Monday, May 8, 2017

Tulpehocken Creek Project Channels Cold Water Flow In Berks County

As 2016 came to a close, so did a major project by the Tulpehocken Creek Chapter of TU. The chapter placed three stone de ectors in Tulpehocken Creek below the confluence of the Cacoosing Creek in Wyomissing, PA.
The deflectors, structurally totaling more than 200 feet in length, were placed in an effort to utilize the cooler  flows of the Cacoosing.
Temperature monitoring above and be- low the confluence historically indicated the Cacoosing contribution is much cooler than the usual  flows of the Tulpehocken, especially in the heat of summer. Unfortunately, downstream of the confluence the creek becomes much wider and shallower, thus wasting the cooler addition.
Constantly on the lookout for opportunities immediate past president Dan Shaffer met with Mike Kauffman of the Fish and Boat Commission and Tony Gehman of TCO Fly Shop to discuss a project in early 2015.
At Kauffman’s recommendation, utilization of the Cacoosing  flow was considered.
“Cacoosing Creek creates a plume of cooler water that was being pushed against the (nearside) bank,” says Kauffman, area fisheries manager for the southeast region, “Trout could always be found hugging the bank, and this project was an opportunity to serve more trout by channeling the  flow to the middle where they’re better protected.”
Small chapters must choose their projects carefully, though placing multiple defectors isn’t simple the high impact project would allow for an easy access staging area enabling the process to unfold at a comfortable pace.
Fundraising for the defectors included a banquet, support from the Conservation District and a grant from TU’s Embrace-A-Stream Program.
The EAS application approval served to validate the project even more and the $2,000 grant provided a much needed boost in getting the work started.
“We look at the projectable merit, conservation impact, and the impact to the chapter when approving project grants,” said Greg Malaska, EAS committee member, “This project was a big plus; it serves an urban fishery and coincided with the Tully chapter’s 40th anniversary.”
Ongoing monitoring of the stream will continue and official feedback will be submitted to the EAS committee.
In May of 2016 the chapter held a fundraising banquet. With legendary PA angler and conservationist Joe Humphreys as the keynote speaker, a loyal group of attendees donated more dollars to the projects funding. Supporters contributed by donations, purchasing raffle tickets and participating in an auction.
Among the donors was TCO founder Tony Gehman, an avid supporter of TU who has long seen the need for this project.
“Over the years that section of the stream has been eroded tremendously,” says Gehman, “We needed to create a way to mix that cold water from the Cacoosing with the Tully and prevent it from heating up as it heads downstream. These defectors should achieve that goal.”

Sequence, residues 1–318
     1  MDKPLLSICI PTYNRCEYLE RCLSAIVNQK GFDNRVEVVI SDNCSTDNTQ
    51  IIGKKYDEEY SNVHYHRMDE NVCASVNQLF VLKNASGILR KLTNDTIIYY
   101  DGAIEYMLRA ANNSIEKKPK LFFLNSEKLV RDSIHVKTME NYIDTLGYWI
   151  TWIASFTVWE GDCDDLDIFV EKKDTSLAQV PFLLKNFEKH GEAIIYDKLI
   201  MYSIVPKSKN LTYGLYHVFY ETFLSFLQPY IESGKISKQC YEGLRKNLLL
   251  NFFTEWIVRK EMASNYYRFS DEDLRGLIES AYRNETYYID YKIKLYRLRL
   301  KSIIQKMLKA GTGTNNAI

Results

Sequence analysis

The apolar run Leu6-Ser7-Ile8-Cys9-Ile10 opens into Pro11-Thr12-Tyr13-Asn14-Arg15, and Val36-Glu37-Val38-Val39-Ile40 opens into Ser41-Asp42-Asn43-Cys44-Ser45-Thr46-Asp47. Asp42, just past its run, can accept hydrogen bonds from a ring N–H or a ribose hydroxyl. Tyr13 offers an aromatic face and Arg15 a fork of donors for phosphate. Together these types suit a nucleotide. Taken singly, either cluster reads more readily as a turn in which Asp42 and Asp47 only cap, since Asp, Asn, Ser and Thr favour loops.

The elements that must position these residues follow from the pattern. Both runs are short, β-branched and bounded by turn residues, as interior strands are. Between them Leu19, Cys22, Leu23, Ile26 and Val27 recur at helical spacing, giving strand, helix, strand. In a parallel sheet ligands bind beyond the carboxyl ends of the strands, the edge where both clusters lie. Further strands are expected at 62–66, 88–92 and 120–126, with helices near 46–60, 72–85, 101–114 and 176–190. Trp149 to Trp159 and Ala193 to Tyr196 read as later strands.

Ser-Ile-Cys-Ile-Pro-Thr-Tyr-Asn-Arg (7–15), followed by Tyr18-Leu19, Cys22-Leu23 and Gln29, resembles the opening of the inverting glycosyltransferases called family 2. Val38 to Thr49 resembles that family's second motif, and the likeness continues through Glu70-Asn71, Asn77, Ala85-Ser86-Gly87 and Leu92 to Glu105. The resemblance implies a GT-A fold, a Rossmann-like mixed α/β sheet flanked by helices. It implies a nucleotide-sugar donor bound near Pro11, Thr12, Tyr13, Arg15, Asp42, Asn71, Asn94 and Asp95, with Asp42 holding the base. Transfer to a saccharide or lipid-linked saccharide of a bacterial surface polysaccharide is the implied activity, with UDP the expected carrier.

The chapter worked closely with Berks County Parks and Recreation, who owns the areas surrounding the stream. Once permitting was completed the department gave the go ahead to utilize an open area as a staging point and to clear cut and alter the bank as needed.
“TU has always been a terrific partner,” says Chris Stress, director of the Berks County Parks and Recreation Department, “In my opinion this project was an absolute success that will improve the waterway and stabilize the bank.”
The department also worked with the chapter to understand best practices when completing bank repairs at the project completion.
Another key ally in placing the defectors was the Berks County Conservation District.
According to District Executive Dean Druckenmiller, this project  fit well into their mission.
“The BCCD is dedicated to the wise stewardship of soil and waters of Berks County so future generations have healthy land to live and work, and clean water for drinking and recreation,” said Druckenmiller, “This project stabilized the banks of Tulpehocken Creek, while improving trout habitat and hopefully enhancing the cold- water refuge below Cacoosing Creek.”
The stones used were actually boulders unearthed by a development project in close proximity to the defector site. After getting the stone donated chapter leaders also negotiated having them hauled to the staging area at a discounted rate courtesy of M&A Excavating.
With the stones in place Highland Excavating services, a partner in past stream projects, was tasked with actually building the structures. Chapter board members, past and present, were on site at every major step, measuring and planning with Highland personnel to ensure project fluidity.
Finally, with the defectors complete, board members and volunteers from the Wilson High School Earth Club set out to repair the bank with environmental matting donated by East Coast Erosion Blankets.
Securing the matting along with seed and straw was the last step of a project which took several weeks to complete, but much longer to plan and prepare for.
Founded in 1976, the Tully Chapter has completed many projects in its footprint and looks forward to moving ahead with other habitat improvements and stream repair in the near future.
(Reprinted from the Spring PA Trout newsletter from the PA Council of Trout Unlimited.  Click Here to sign up for your own copy (box at top of page).)

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